National Cattlemen’s Beef Association demands halt on Brazilian beef imports into the U.S.
The March 10 National Cattlemen’s Beef Association’s (NCBA) Beltway Beef podcast welcomed NCBA Executive Director of Government Affairs Kent Bacus to discuss Brazil’s history of failing to report cases of bovine spongiform encephalopathy (BSE), otherwise known as mad cow disease.
Due to Brazil’s lack of transparency, NCBA is calling for a suspension of Brazilian beef imports until it is determined Brazil meets the U.S.’s high animal health standards.
During the podcast, Bacus also provides information on the importance of the World Organisation for Animal Health (WOAH) and the value of collaborating to prevent the spread of foreign animal diseases.
Bacus notes atypical BSE doesn’t occur naturally, but has occurred in the U.S.
Classical BSE occurs in cattle after ingesting prion-contaminated feed, while atypical BSE is believed to occur spontaneously in all cattle populations.
According to the Centers for Disease Control and Prevention, the last atypical BSE case in the U.S. occurred in Florida in 2018.
“None of the infected animals ended up in the food supply, but as part of WOAH, we notified all of our trade partners within 24 hours of the incident occurring,” says Bacus.
He adds, “Atypical BSE is not a trade restrictive disease. It’s not like classical BSE where we really have to worry about ruminant feed ban violations, but it’s still a disease that needs to be reported.”
Reporting devastating diseases, like BSE, allows countries to take action and defend their supply chains. According to NCBA, delayed reporting has put U.S. beef at risk.
On Jan. 18, a case was identified in Brazil, but was not confirmed until Feb. 22. Because of a repeated pattern of delayed reporting, NCBA sent a letter to the U.S Department of Agriculture (USDA) demanding immediate action.
“We have seen Brazil repeatedly fail to meet the 24-hour requirement for reporting of animal diseases listed by WOAH. In order to protect the safety and security of the U.S. herd and American cattle producers, we demand USDA take immediate steps to block further beef imports from Brazil,” says NCBA President and South Dakota Cattleman Todd Wilkinson in a Feb. 28 NCBA press release.
“Furthermore, we expect USDA to keep the border closed to Brazil until they can demonstrate they are willing and able to play by the trade rules governing all other nations. If they can’t play by the rules, they don’t deserve access. Secretary of Agriculture Tom Vilsack needs to act now, rather than kicking the can down the road,” he continues.
According to USDA, last year Brazilian beef and veal imports accounted for 466.371 pounds, a significant increase from 2021 when import levels were reported at 368.956 pounds.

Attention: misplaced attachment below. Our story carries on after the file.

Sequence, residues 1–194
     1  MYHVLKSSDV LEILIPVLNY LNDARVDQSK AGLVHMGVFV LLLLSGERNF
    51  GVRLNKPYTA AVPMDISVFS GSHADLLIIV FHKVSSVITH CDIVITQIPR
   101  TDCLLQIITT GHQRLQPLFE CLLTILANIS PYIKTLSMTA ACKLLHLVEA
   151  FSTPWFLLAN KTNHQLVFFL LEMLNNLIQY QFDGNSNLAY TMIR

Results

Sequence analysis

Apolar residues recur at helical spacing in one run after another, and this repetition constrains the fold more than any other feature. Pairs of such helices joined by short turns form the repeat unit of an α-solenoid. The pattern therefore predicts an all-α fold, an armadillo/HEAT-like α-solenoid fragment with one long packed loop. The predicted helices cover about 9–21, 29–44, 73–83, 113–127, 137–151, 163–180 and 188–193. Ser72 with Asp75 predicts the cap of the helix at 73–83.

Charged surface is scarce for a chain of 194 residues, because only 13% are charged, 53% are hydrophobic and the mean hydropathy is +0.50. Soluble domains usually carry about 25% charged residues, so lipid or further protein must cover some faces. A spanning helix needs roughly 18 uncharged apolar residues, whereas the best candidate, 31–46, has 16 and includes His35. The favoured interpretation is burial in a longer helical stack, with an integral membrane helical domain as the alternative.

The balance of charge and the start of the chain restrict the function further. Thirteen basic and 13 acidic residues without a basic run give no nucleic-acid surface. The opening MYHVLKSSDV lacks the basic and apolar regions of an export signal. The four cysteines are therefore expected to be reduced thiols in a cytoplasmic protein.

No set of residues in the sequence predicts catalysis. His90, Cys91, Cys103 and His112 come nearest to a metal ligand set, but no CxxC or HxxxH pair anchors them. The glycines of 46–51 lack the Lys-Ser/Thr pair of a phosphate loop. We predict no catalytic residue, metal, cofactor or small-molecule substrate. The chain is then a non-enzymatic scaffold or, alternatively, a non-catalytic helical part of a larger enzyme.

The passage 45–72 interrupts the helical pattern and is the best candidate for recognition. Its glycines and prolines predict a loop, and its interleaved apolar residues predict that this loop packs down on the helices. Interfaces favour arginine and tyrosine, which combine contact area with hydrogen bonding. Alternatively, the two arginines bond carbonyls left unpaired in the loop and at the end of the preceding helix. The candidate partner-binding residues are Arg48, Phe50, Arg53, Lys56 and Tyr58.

“We’ve been very consistent in our request with USDA to suspend their access until a thorough investigation and audit can be conducted,” shares Bacus. “This latest atypical BSE case took Brazil 35 days to report, whereas it would take the U.S. 24 hours.”
Bacus says in one instance, it took Brazil nearly two years to report a case of BSE. This why he says access to the U.S. beef market is a privilege, not a right.
“They don’t have a right to the U.S. market, it’s a privilege, and if they’re not going to provide an equivalent level of safety in health and be able to back it up through their reputation, then they don’t deserve to be here,” he says.
WOAH is an international, science-based institution, focused on combating foreign animal disease and other animal health issues as they arise, mentions Bacus.
“The U.S. has some of the highest standards in the world when it comes to animal health and food safety,” he says. “If producers don’t have a healthy animal, they won’t have a product.”
He notes the U.S. has always prioritized food safety and animal health and has always focused on strong science-based standards.
According to Bacus, NCBA is going to continue to advocate for the beef industry in the U.S. and raise concerns with Brazil’s reporting timelines in regards to BSE cases and safety concerns when it comes to animal disease.
“We believe in size-based trade, but we also believe in accountability, and this is one thing we really have to be consistent on,” he concludes. “If someone’s going to do business here, they better live up to our standards and take all of the same precautions we do.”
“For too long, American cattlemen and women have honored the laws governing international trade, promoting fair and equitable standards, only to have nations like Brazil ignore those same standards. Brazil cannot be allowed to benefit from the investments we have made to build a massive demand for beef around the globe,” Wilkinson concludes in the February press release.
“If trade partners like Brazil fail to follow the rules, there must be consequences, and they must be painful and immediate,” he adds.
Brittany Gunn is the editor of the Wyoming Livestock Roundup. Send comments on this article to firstname.lastname@example.org.